The claim that sparked this controversy? That “bad luck,” more than environmental factors or inherited genes, affects whether someone develops cancer, implying that preventive efforts from smoking cessation to environmental cleanups were largely pointless.
Now the authors of that 2015 paper are back. In a study published on Thursday in Science, they double down on their original finding but also labor mightily to correct widespread misinterpretations of it. This time, using health records from 69 countries, they conclude that 66 percent of cancer-causing genetic mutations arise from the “bad luck” of a healthy, dividing cell making a random mistake when it copies its DNA.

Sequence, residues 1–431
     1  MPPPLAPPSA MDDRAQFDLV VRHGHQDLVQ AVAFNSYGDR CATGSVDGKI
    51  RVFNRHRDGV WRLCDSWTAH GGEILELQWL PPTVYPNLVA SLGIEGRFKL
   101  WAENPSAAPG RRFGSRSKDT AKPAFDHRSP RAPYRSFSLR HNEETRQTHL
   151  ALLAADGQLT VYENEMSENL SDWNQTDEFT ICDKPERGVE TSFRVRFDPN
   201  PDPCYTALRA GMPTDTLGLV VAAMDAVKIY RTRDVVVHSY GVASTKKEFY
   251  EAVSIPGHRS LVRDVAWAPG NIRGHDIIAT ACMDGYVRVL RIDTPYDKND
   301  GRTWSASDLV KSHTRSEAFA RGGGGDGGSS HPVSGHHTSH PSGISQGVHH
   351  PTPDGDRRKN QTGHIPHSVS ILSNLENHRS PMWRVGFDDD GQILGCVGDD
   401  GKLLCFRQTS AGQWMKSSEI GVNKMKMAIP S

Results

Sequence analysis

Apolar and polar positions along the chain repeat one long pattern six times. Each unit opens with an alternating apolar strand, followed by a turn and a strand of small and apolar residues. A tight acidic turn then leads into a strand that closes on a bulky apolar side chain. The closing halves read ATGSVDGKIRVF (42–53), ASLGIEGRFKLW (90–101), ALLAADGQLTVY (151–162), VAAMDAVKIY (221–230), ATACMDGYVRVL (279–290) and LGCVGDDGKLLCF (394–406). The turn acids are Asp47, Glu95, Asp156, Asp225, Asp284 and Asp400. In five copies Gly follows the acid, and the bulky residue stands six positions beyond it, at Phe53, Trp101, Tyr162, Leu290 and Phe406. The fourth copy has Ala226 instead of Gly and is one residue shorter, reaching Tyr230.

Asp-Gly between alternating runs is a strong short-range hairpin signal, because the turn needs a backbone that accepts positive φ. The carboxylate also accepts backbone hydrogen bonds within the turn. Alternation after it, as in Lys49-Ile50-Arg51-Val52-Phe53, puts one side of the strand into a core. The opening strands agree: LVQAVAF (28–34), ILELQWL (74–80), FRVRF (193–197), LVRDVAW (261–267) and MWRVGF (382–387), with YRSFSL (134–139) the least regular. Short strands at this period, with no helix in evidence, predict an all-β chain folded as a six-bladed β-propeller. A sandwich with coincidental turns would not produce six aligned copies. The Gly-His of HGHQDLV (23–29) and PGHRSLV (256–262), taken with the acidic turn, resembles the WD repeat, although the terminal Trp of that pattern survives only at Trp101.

The scientists go to great pains to explain that this doesn’t mean that two-thirds of cancers are beyond the reach of prevention. But understanding the role of these unforced errors “could provide comfort to the millions of patients who developed cancer but led near-perfect [healthy] lifestyles,” said cancer biologist Dr. Bert Vogelstein of Johns Hopkins University, senior author of both the original study and the new one. “This is particularly true for parents of children who have cancer” and might blame the tragedy on the genes they passed on to their child or the environment they provided, he said.